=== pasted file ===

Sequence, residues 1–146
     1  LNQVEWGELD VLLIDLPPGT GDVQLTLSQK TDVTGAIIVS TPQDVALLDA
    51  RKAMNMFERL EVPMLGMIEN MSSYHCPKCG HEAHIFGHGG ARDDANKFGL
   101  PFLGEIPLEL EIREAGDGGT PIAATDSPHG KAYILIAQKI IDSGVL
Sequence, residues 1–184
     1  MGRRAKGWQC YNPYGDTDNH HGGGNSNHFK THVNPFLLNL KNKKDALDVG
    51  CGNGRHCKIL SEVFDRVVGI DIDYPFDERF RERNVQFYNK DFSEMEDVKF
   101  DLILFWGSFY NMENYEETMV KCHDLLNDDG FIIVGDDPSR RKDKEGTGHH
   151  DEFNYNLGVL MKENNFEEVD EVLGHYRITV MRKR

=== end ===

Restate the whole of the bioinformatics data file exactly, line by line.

Sequence, residues 1–146
     1  LNQVEWGELD VLLIDLPPGT GDVQLTLSQK TDVTGAIIVS TPQDVALLDA
    51  RKAMNMFERL EVPMLGMIEN MSSYHCPKCG HEAHIFGHGG ARDDANKFGL
   101  PFLGEIPLEL EIREAGDGGT PIAATDSPHG KAYILIAQKI IDSGVL
Sequence, residues 1–184
     1  MGRRAKGWQC YNPYGDTDNH HGGGNSNHFK THVNPFLLNL KNKKDALDVG
    51  CGNGRHCKIL SEVFDRVVGI DIDYPFDERF RERNVQFYNK DFSEMEDVKF
   101  DLILFWGSFY NMENYEETMV KCHDLLNDDG FIIVGDDPSR RKDKEGTGHH
   151  DEFNYNLGVL MKENNFEEVD EVLGHYRITV MRKR